Participatory forest management for more than a decade in Tanzania: does it live up to its goals?
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In Tanzania, Participatory Forest Management (PFM) was introduced in order to address the challenge of deforestation which continues at alarming rate. Equally, PFM aimed to involve communities adjacent to forests in management of forest resources while at the same time accrue economic benefits. PFM consists of Community Based Forest Management (CBFM) and Joint Forest Management (JFM). CBFM takes place on village land, in forests that are owned by the village while JFM takes place in Central or Local Government forest reserves (FRs) whereby owner of the FR and adjacent communities jointly manage and share benefits accrued from the FR. This study aimed to assess the role of PFM in sustainable exploitation of forest resources, equitable economic benefits and good forest governance. Generally, the study concludes that PFM can and does contribute to sustainable utilisation of forest resources and that, households across wealth categories benefit economically from PFM. However, there is a slight tendency that the rich benefit more than the poor. Similarly, the study concludes that, while CBFM and JFM have formally established appropriate institutions for PFM, this has not promoted enfranchisement and inclusiveness. The problem of elite capture in PFM should be addressed through information and education.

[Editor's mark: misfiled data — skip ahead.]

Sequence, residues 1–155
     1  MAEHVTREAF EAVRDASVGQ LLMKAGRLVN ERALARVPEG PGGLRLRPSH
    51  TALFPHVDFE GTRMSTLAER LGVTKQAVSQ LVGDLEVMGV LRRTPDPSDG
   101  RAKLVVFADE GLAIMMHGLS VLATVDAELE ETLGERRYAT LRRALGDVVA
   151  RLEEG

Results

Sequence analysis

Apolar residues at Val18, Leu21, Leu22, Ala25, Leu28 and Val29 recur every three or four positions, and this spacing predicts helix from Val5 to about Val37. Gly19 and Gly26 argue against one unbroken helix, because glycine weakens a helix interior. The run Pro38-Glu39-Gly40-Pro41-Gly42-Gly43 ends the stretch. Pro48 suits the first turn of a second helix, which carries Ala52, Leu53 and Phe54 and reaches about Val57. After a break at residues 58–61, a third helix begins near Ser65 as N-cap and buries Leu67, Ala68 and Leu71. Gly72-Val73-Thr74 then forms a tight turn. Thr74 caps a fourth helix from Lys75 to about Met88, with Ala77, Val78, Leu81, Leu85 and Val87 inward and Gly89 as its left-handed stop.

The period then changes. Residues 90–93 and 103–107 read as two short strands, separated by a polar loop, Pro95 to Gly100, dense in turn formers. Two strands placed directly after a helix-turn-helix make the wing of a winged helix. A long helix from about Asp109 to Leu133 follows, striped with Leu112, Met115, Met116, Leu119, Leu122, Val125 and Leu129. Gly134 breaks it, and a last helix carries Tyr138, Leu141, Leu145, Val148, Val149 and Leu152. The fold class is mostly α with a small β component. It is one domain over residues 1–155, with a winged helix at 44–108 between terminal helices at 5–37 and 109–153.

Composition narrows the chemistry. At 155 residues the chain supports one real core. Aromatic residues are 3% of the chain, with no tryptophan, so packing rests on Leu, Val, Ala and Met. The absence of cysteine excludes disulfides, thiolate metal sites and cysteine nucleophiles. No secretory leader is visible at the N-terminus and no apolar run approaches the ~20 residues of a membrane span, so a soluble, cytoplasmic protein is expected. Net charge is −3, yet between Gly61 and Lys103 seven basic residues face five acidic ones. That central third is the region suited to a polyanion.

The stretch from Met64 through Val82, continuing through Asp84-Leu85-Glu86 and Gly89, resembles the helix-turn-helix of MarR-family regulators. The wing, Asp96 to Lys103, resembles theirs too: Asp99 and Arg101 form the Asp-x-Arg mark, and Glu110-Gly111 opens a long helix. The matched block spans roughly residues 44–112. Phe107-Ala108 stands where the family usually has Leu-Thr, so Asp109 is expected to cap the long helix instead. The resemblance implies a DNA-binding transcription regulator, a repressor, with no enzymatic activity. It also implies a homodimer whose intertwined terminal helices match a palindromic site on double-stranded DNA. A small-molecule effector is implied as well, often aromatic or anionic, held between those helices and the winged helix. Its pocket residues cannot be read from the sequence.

|Tidsskrift||Tanzania Journal of Forestry and Nature Conservation|
|Status||Udgivet - 2013|